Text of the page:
river of Plate," but noticing 1 on the coast footmarks of people of
great stature," the squadron coasted southward to Port St.
Julian, in Patagonia, where was still standing a grim relic of
earlier explorers, " the gibbet which we supposed to be where
Magellan did execution upon his rebellious companv." By a
curious fatality Drake did not leave this gloomy spot without
adding another tragedy: Thomas Doughty was here executed
for "actions tending to mutiny," and the crews were sworn alresh
to obedience and unity, every one receiving the Sacrament
upon it.

On August 20th, 1578, the fleet entered Magellan's Straits,



and after slowly threading their way through its cold and
desolate windings, passed through on September 6th into the
great South Sea, that wonderful Pacific which had first revealed
the difference between America and India, the true bulk of the
earth, and the proportion and distribution of the Ocean tracts
by the side of the terra firm a of the world.

Driven south of the straits by storms into latitude 55 , 1 Drake
soon recovered himself, and, running rapidly north, found to his
surprise that Peru, instead of lying " as the general maps have
described" north-west (of the
Straits of Magellan), trended to
east - north - east, " whereby it
appeareth that this part hath
not been duly reported by
twelve degrees at least."

Off the coast of Chili the
English took up an Indian in
a canoe, who, taking them for
Spaniards, told them of the
whereabouts of one of the great
Peruvian treasure - ships, and
piloted them to Valparaiso,
-,vhere they seized a huge booty.
Thence Drake coasted on to
Lima, which he found (Febru-
ary 13th, 1579) "most secure,
having never been assaulted by


enemies," and in rifling the

(Naral Museum, Greenwich Hospital.)

(By permission of the Lords Commissioners

of the Admiralty.)

ships in the port [Callao], the
buccaneer chief got what was worth more than the plunder of
his twelve captive merchantmen news of the Cacafuego, the
great treasure-galleon, which had just started for Paita. The
English hurried after her only to find that she had gone on
to Panama, " whom our general still pursued," and about three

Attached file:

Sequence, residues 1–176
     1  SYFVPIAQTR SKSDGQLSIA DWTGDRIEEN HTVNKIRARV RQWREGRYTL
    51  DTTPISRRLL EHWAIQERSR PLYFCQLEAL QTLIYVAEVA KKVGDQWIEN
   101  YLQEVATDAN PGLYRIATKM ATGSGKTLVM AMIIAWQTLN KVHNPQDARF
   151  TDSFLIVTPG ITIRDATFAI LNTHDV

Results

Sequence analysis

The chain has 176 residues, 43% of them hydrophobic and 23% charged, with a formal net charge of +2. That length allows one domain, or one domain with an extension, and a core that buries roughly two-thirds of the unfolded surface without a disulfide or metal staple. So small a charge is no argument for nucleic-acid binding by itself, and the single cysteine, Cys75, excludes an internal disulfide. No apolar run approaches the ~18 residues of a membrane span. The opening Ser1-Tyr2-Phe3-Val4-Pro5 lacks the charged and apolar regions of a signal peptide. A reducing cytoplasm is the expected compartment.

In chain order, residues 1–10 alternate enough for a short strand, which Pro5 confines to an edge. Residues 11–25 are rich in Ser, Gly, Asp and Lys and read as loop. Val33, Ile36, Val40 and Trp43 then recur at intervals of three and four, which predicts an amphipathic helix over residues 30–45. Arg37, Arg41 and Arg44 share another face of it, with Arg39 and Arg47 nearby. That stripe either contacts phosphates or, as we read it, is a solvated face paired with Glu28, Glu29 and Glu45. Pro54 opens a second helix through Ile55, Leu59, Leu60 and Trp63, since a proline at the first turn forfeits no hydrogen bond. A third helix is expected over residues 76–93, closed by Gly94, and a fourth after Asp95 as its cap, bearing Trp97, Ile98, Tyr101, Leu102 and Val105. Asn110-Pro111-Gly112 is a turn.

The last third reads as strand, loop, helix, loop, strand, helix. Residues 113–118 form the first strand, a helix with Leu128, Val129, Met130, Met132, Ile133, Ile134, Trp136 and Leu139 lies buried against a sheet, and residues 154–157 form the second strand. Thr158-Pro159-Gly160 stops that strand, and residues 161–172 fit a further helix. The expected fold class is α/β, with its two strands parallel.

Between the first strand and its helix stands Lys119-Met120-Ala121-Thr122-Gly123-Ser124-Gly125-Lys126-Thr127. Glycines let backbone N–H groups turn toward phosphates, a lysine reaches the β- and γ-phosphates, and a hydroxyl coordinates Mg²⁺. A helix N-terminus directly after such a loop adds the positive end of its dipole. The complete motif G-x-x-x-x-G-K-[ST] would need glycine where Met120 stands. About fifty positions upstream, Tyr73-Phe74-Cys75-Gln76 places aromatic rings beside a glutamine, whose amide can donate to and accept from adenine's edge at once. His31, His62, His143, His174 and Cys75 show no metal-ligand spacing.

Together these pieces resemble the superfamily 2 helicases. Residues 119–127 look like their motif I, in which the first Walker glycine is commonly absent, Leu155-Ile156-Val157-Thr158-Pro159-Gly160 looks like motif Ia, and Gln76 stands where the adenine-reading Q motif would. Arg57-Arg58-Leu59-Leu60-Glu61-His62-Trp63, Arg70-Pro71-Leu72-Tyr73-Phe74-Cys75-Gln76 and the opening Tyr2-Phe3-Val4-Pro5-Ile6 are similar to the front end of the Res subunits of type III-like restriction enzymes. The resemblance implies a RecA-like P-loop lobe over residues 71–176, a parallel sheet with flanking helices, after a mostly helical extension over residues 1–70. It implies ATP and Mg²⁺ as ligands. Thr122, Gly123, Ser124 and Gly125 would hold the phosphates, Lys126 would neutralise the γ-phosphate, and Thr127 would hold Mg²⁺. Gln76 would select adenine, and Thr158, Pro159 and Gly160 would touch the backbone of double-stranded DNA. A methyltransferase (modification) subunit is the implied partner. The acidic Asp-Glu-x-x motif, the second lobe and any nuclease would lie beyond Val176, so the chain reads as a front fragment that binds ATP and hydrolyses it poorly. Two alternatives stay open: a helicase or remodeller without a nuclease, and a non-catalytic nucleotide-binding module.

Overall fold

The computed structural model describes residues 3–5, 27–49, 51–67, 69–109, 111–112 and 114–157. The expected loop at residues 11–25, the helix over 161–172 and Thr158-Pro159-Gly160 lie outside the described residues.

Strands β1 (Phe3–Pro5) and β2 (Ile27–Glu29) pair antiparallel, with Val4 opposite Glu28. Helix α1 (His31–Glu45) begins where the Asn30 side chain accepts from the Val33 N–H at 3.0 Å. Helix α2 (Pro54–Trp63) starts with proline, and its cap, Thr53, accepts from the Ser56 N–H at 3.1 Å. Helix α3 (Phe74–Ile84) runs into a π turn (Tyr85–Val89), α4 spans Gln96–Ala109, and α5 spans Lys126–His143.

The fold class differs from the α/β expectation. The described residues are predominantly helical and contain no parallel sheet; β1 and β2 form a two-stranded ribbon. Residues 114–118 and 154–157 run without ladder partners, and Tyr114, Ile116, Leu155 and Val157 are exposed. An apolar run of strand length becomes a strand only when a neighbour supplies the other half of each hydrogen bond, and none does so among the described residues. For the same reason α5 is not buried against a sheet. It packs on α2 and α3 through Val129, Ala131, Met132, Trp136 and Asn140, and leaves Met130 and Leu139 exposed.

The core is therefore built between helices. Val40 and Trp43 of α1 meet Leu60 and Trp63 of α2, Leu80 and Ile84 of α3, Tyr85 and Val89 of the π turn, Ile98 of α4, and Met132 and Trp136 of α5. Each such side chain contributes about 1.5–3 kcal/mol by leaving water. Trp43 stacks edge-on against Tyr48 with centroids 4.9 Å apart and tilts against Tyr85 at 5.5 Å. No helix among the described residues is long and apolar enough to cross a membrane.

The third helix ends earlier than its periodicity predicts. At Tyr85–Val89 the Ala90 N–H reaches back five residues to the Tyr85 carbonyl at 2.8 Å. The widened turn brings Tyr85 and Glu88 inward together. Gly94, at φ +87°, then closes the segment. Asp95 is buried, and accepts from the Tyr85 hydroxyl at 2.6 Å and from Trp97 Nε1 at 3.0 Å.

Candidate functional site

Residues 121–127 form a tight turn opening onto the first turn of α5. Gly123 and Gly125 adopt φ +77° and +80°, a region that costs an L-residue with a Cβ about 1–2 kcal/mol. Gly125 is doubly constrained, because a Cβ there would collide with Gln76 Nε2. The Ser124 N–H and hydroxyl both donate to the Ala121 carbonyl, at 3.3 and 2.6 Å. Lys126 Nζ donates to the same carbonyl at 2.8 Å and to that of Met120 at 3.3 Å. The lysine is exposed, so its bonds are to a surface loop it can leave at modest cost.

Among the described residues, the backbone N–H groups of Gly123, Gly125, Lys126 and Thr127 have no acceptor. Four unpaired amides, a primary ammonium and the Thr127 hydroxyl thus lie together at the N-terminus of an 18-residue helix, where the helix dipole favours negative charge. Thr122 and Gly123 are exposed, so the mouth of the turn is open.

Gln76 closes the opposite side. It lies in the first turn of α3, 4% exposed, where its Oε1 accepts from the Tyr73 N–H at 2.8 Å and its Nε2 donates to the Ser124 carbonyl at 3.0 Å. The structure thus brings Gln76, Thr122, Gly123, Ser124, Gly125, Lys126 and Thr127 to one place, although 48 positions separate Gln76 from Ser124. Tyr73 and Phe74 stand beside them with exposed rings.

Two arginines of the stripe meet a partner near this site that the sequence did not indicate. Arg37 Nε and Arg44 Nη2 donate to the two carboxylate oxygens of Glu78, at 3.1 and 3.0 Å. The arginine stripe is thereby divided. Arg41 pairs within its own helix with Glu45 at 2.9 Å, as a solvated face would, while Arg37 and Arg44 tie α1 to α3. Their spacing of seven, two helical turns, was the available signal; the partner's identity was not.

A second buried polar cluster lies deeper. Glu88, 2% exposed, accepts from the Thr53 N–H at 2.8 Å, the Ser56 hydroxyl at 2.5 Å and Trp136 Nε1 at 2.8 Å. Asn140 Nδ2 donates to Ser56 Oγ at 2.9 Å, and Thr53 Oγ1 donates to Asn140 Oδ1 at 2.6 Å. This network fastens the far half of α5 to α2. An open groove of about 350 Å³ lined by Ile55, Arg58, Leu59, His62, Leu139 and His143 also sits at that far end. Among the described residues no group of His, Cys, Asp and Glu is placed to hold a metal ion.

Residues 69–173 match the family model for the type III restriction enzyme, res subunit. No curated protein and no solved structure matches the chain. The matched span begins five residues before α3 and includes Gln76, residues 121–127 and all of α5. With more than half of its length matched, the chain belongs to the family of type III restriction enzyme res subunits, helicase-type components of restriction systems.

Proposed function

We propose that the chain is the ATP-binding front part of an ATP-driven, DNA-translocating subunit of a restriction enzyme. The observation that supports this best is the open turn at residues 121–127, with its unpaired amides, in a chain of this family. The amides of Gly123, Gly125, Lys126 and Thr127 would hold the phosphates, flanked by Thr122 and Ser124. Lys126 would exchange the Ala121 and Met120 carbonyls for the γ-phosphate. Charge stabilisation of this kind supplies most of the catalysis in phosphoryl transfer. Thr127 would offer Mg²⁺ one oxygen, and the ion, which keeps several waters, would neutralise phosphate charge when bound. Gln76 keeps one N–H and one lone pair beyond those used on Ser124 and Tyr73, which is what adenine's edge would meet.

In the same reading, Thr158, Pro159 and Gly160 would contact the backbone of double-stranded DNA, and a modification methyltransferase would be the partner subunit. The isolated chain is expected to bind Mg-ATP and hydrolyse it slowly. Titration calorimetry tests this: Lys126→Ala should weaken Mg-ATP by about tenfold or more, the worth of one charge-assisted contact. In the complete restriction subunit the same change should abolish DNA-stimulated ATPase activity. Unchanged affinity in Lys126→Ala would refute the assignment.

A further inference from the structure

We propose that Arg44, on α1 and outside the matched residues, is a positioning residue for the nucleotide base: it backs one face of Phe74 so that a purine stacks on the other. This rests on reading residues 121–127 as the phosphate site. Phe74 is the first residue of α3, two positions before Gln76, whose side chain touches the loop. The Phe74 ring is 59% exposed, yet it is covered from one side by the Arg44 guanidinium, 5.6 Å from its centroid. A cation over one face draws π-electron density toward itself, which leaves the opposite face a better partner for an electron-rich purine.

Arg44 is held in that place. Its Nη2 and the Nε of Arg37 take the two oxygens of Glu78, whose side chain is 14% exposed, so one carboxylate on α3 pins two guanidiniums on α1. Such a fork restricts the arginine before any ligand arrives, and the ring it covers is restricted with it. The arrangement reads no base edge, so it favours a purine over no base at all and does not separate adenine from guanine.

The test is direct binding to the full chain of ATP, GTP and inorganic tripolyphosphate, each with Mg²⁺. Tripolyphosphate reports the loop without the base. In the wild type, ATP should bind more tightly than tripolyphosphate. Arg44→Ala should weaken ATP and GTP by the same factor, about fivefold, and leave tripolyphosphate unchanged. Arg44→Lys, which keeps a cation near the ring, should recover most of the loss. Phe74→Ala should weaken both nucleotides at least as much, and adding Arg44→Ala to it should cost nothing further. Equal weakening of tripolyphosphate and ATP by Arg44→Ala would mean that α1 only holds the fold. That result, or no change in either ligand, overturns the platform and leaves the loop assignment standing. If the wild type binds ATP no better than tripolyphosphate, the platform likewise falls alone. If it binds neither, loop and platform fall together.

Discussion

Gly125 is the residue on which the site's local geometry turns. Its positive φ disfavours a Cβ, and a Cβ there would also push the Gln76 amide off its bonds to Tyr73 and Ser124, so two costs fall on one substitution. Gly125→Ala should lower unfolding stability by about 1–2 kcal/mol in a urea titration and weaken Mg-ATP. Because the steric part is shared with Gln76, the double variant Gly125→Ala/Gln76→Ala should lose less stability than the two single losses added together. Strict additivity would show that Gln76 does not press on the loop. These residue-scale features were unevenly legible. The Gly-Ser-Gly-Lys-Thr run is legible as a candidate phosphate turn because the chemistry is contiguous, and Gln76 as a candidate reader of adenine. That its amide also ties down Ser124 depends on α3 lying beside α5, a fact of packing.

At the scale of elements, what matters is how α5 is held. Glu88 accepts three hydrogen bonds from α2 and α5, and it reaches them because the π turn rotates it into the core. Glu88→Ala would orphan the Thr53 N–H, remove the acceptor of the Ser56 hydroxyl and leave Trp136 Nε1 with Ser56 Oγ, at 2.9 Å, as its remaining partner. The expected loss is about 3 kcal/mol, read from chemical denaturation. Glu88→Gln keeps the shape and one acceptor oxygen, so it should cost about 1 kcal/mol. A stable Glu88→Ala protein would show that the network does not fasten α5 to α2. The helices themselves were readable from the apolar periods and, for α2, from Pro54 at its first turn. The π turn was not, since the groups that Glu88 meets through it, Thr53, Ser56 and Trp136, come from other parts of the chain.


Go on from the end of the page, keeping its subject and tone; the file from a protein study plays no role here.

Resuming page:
o'clock John Drake sighted her from the masthead. By six
the Golden Hind was up with her. Three guns brought down
her mizzen, and she struck with all her riches " thirteen chests

1 Where they saw an eclipse of the moon (September lath), about which the
English noticed, sarcastically, that it "did neither impair our state nor her
clearing amend us a whit."




: & tffurii in tntntibut {airtfuKt.btritii

' '


(From a contemporary chart.)

full of Royals of plate, eighty pounds weight of gold, and
twenty-six tons of silver." The cargo was carefully transferred,
and then the English admiral "cast off this Cacafuego," and
]) ut ting into shore,
lightened several passing
ships of a good deal of
their inconvenient
wealth : then, thinking
" Her Majesty would rest
contented with this ser-
vice," he began to think
of return not by Magel-
lan's Straits, for fear
both of Spanish reprisals
and stormy weather, but
by the Moluccas and the
Cape of Good Hope.

But to get to the
Moluccas, Drake conceived that he must take a " Spanish
course " by the far North, across the Pacih'c. Accordingly
from the 16th of April to the 3rd of June he kept on till
he was " in 42 towards the Arctic Pole," and his men,

"grievously pinched
with the cold, com-
plained of the
extremity thereof."
Finding the land
"covered with
snow," he dropped
down into 38, "in
which height it
pleased God to send
us into a fair and
good bay." The
people of the
country showed
themselves, and
being " courteously entreated " by the English, who " bestowed
on them necessary things to cover their nakedness, supposed
them to be gods, and would not be persuaded to the contrary "

(From a contemporary chart.)



uaifum fanhim

Mkjlru plrlu fo[-ttni, ftr lanH r^utr

gtrban in ,-f n^JW, fiit luvi reiyi- .


(From a contemporary chart.)

a curious case of invincible ignorance. They went so far